Once you've decided on the general shape of a syllable, the next step is to decide how to hook them together to form morphemes and words. At this point, you have two choices: an ad hoc approach or a formal approach. If you plan to borrow morphemes directly from existing languages, then you're limited to the ad hoc approach. Basically, you'll choose your morphemes from existing languages and combine the roots, prefixes, suffixes and infixes to create a word. Esperanto and most of the ALs based on European languages fall into this category.

In a more formal approach, the shape of a morpheme will indicate the role it plays in a word. Thus, a prefix will have a different shape than a root, which will have a different shape than a suffix, and so forth. In fact, if you play your cards right, you will not only be able to split a word into it's component morphemes on sight, but you'll also know where word boundaries are, even if there are no spaces or pauses between them. You might say that your morphemes and words are auto-isolating or self-segregating. This, of course, would be ideal if you want to speak to a computer, since you won't have to put pauses between words. [By the way, the problem of isolating words in continuous speech is one of the most difficult that the speech-processing community is now facing. I don't expect a solution any time soon.]

So, how do we create a self-segregating morphology? We do it by insuring that each type of morpheme can always be identified by its shape, and by insuring that each type can occupy only one position in a word. Consider a simple example of an easy-to-pronounce language with only three morpheme types:

                C = b, p, d, t, g, k, z, s, v, f
                V = a, e, i, o, u
                S = y, w
                N = m, n

                prefix = CSV
                root = CVN
                suffix = CV

                word = {prefix} {root} suffix
Thus, examples of complete words would be: za, ke, tembo, sandu, kwabe, pyobendi, kyusintemda, byupwetu, and so on. Note that if we removed all spaces and squished them all together, we could easily and unambiguously split them apart. This example, however, has at least one serious flaw. Since the root form is CVN, the maximum number of roots we can form with our phoneme inventory is only 10 x 5 x 2 = 100. Since we'll need much more than that, let's add disyllabic and trisyllabic root forms:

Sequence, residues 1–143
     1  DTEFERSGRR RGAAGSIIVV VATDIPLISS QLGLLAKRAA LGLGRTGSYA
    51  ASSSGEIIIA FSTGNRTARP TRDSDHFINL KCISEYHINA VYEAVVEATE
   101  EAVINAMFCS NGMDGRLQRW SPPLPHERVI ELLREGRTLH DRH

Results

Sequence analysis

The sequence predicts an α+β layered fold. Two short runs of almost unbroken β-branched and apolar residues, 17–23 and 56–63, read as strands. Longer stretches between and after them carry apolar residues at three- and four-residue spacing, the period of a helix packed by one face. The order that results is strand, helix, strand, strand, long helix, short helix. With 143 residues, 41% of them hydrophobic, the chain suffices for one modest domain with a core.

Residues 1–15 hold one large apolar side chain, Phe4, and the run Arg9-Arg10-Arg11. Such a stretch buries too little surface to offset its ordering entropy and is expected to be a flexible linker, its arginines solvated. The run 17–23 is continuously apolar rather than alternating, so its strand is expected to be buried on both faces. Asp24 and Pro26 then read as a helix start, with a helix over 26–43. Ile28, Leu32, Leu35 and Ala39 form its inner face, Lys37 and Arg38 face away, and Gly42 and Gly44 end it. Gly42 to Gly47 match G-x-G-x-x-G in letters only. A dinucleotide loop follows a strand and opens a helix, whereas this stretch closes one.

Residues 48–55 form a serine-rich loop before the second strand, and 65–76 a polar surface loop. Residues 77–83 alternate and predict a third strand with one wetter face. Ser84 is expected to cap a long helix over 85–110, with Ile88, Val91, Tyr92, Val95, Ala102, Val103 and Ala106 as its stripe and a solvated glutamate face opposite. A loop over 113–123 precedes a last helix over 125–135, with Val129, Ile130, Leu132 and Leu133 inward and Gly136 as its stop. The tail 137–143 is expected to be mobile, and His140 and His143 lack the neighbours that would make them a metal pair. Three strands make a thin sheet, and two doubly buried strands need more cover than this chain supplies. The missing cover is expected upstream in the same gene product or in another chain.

C = b, p, d, t, g, k, z, s, v, f
                V = a, e, i, o, u
                S = y, w
                N = m, n
                SPECIAL = q (English "ch" in "church")
                          x (English "sh" in "shop")

                prefix = CSV
                root = CVN   or   CV[N]qV[N]   or   CV[N]xV[N]CV[N]
                suffix = CV

                word = {prefix} {root} suffix
Note that "q" and "x" simply indicate that the root continues with one or two more syllables, respectively. Examples of two-syllable roots would be binqan, temqu and saqem. Examples of three-syllable roots would be kuxiba, tixendi, zomxate and panxotun. Next, add prefixes and suffixes and you would have something like kwabinqandu, temqusa, pyosaqembe, kuxibato, fyotixendika, zomxatebi, and panxotunki. (With this type of morphology, no one is going to accuse you of being Eurocentric. :-) Note that, even with this small phonemic inventory, you can create 2,250 unique disyllabic roots and 337,500 unique trisyllabic roots.

The above is just one of many possible examples of what can be done with a formally designed morphology. There are many other things that you can do. You can add new forms such as CVC, CV[S]N, C[S]VN, C[S]V[S]N, CV'V, CV'VN, C[S]V'VN, etc. (where the apostrophe indicates a glottal stop)), or you can dedicate specific phonemes for specific purposes as we did above with "q" and "x". Your choices are limited only by the requirements you set for yourself.
 

[Addendum: An idea that occurred to me after I wrote the above piece was to dedicate a vowel, such as /a/, for exclusive use in creating polysyllabic morphemes. This phoneme would not be used for anything else. For example, a morpheme of type CVN, could be tun, batun, kwasatun, dambyamatun, and so on. In other words, whenever /a/ appears, it indicates that the morpheme continues to the right. Only the last syllable is used to determine the morpheme's type. See also my (very long!) monograph Lexical Semantics for yet another way to implement a self-segregating morphology.]


End of Essay